park broadleaves defined in 1944 yearpark broadleaves - Park Broadleaves;
park broadleaves - A number of trees have gained a place in town and country parks, mainly for ornamental planting, but have not so far come into use for forest planting. Certain of these produce useful timber in Britain, and may in time be of value in the woods. The essential information concerning eleven principal species, ranged alphabetically, is given below in condensed form.
Ailanthus glandulosa, Desf. (Simarubacea), the Tree of Heaven, G. Götterbaum, introduced from China, only hardy in the south, is a tree of attractive foliage resembling the ash. But the compound leaves are spirally ranged on the twigs, larger than those of ash, and bear glands at the base of each leaflet; on falling, the leaf leaves a large scar with prominent pore-marks. The flowers are green and inconspicuous; the seed like that of the ash, but winged at both ends. Germination epigeal, early leaves with few leaflets. Light-demanding, quick growing; produces suckers and will coppice. Wood soft.. An ornamental tree unlikely to assume forest importance in Britain. Fig. 1d.
Horse chestnut. Aesculus hippocastanum L. (Hippocastanacea), G. Rosskastanip; F. Marron d'Inde; (name indicates a coarse chestnut, compare " Horse-radish "), a native of the Balkans, is a tree distinct from all others in our flora by reason of its large palmately compound leaves, the numerous leaflets spreading like the fingers of the hand. Distinguished in winter by large, opposite, sticky buds, each with a horse-shoe-shaped scar beneath it. The leaves open early in April, and are followed in June by beautiful clusters of white flowers, which are perfect in structure, the lower petals being larger than the upper ones, forming an " asymmetrical " flower. After insect pollination these produce a one-seeded fruit, a spiny green capsule containing a hard red-brown nut or "conker". Easily raised from seed, germination hypogeal. Light-demanding, requires a rich soil, but is hardy. Quick growing, attains a height of 100 feet, but not long-lived. Bark smooth, becoming scaly with age. The wood is white in colour, without distinct heart, perishable out of doors, and rather soft. Being easily worked it is suitable for making small household articles or indoor furniture, but the demand is limited, and supplies are small. Girths up to 16 feet.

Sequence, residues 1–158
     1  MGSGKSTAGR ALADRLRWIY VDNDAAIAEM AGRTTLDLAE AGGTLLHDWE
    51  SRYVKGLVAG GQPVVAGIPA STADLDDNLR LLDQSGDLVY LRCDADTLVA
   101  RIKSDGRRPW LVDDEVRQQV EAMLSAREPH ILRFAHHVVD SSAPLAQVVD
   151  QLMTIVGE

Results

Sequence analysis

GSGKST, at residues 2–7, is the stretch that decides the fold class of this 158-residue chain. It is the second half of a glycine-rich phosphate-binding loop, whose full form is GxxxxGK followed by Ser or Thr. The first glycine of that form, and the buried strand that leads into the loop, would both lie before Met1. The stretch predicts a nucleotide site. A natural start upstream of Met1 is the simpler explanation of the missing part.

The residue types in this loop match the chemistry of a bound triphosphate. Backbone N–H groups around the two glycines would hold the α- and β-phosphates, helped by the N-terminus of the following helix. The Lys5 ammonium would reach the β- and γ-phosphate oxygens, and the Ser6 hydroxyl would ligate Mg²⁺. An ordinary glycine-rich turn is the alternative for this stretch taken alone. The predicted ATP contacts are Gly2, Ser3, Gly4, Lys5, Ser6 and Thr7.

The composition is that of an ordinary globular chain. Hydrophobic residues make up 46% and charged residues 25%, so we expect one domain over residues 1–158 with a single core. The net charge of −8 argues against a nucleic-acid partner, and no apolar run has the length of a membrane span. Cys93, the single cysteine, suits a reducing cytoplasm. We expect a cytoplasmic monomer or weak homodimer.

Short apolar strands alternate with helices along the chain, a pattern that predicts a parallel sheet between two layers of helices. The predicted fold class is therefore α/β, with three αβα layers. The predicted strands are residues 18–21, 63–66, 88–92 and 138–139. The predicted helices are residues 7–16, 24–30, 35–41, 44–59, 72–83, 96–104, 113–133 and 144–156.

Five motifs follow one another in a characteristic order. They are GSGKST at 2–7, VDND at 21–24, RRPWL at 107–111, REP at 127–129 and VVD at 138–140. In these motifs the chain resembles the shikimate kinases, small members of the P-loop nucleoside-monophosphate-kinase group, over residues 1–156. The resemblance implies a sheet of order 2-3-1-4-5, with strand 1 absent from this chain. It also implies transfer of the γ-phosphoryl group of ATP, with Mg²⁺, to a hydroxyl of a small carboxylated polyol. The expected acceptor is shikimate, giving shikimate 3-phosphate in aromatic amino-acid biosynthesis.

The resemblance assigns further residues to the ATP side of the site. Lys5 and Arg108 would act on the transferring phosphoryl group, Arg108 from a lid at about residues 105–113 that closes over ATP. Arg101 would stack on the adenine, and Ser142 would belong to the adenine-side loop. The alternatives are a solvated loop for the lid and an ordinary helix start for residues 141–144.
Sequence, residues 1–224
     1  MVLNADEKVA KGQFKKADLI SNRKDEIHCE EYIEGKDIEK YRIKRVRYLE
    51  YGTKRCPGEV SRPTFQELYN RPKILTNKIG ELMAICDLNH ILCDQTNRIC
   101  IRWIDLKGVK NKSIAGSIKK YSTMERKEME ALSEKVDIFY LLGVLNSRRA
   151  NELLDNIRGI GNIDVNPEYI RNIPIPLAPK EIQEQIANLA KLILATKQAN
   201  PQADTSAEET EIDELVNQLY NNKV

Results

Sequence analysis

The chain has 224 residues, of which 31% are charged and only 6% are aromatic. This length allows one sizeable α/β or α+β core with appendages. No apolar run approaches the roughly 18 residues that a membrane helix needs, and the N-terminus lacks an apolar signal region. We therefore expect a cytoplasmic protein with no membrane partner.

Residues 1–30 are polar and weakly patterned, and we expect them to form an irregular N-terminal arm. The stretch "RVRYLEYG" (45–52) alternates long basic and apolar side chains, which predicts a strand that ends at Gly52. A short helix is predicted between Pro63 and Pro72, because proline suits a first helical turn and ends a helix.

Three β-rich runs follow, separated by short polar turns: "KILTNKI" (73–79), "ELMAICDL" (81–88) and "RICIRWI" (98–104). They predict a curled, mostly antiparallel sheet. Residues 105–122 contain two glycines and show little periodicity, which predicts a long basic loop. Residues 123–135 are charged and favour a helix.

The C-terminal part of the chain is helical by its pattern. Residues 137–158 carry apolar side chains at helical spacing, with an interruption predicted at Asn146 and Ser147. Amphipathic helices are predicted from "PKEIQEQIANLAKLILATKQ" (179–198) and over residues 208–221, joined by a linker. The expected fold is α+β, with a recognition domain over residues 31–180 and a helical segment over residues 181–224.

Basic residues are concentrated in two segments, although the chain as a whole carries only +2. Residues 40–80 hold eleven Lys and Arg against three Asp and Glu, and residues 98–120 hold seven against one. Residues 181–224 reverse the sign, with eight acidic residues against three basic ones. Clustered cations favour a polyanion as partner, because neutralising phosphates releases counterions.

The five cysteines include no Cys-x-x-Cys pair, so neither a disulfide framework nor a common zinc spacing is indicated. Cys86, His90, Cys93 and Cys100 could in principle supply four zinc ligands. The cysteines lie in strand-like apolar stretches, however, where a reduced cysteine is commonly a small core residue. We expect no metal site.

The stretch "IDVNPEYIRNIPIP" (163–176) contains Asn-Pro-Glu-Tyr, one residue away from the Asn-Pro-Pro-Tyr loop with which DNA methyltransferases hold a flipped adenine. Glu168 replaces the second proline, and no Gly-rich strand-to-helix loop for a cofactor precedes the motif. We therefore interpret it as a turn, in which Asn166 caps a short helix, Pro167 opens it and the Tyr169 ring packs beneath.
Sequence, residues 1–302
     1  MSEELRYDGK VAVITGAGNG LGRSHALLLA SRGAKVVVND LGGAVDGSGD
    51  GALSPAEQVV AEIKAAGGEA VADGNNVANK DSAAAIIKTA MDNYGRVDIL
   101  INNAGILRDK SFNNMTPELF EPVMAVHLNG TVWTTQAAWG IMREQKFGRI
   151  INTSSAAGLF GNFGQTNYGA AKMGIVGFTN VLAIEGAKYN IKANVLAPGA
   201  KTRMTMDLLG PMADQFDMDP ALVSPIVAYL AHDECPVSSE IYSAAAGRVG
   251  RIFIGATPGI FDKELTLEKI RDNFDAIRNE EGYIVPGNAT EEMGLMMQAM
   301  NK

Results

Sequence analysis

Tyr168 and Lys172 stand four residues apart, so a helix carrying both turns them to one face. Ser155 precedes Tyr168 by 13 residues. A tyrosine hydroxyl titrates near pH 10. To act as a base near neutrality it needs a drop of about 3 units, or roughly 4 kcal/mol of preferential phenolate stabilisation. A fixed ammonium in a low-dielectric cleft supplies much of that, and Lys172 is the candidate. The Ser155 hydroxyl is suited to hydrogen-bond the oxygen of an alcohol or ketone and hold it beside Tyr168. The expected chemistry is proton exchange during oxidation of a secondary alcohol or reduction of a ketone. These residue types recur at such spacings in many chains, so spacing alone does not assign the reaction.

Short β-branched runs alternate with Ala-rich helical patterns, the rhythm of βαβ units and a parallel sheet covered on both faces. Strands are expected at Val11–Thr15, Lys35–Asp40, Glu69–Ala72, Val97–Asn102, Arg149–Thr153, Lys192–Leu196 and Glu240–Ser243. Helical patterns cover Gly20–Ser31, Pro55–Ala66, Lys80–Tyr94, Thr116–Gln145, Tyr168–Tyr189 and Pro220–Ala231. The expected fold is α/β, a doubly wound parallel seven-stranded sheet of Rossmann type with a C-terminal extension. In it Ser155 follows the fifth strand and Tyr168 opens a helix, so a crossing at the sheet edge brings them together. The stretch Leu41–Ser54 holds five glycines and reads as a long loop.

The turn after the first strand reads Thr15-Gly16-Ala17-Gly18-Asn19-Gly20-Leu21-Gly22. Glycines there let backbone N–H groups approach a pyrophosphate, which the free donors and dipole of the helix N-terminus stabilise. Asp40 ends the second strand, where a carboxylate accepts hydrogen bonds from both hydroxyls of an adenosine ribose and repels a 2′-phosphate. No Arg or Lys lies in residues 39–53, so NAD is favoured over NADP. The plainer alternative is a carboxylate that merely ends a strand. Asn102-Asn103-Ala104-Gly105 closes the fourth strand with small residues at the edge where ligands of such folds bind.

The Red Horse Chestnut, A. carnea Willd., is a hybrid of fess robust growth, propagated by grafting. Both forms have russet-yellow leaves in autumn. Neither thrives in smoky towns. Figs, 2b, 3, 4, 5.
Laburnum (Laburnum anagyroides Medicus, Leguminosœ), G. Goldregen; F. Fauxébénier; W. Euron; E. Bealaid Franncac., Labran; a native of central Europe, the Laburnum is familiar in May and June with its hanging trusses of golden flowers, each with the structure of a Sweet-Pea blossom, and may be readily identified in winter by its spirally ranged buds, grey in colour, clad in silky hairs. The seed-pods resemble those of the Pea, but the seeds are poisonous. Leaves compound, tri-foliate, with silky hairs on the undersides, opening in May. Bark smooth, dark grey. The species are propagated by seed, varieties by grafting. Germination epigeal. Figs. 1e, 6.
A light-demanding tree, growing with the aid of bacteria in nodules on the roots.
Despite its small size, Laburnum might be of value as a soil- improving nurse species, or in firebreaks. The wood has a dark brown heart, and a bright yellow sapwood. It takes a high polish and, despite, its small size, is of great value for fine cabinet making.
Locust (Robinia pseudacacia L., Leguminosœ), named after Robin, French botanist, is sometimes called the False Acacia, this name and that of Locust arising from confusion with the true Acacias of the Near East, to which it is, however, distantly related. It is a fair-sized tree with a distinctive corky bark, spirally ribbed or fluted, and paired thorns on the twigs, and was introduced from eastern North America in the seventeenth century. In winter, the minute leaf buds are almost hidden beneath the bud scales, but late in May they expand into graceful pinnately compound leaves with round leaflets. Flowers like small white Sweet Peas, borne in beautiful hanging chains. Seed pea-like, in pods. Germination epigeal, early leaves simple. A light-demanding tree, nourished by bacteria in nodules on roots. Very prone to throw up pucker shoots; will coppice. Young trees grow quickly, but on the whole the Locust is slow to attain useful dimensions. Figs. 7, 1f. Height to 80 feet, girth 12 feet.
The wood is remarkable for the narrow sapwood; heartwood light brown and durable, making a useful fencing material in the smaller dimensions. Tough and hard, but difficult to season satisfactorily, and not easily worked. A good firewood. Locust wood has useful properties, and an attractive appearance, but the quantity available in Britain has not justified its specialised conversion, and the tree is planted solely for ornament.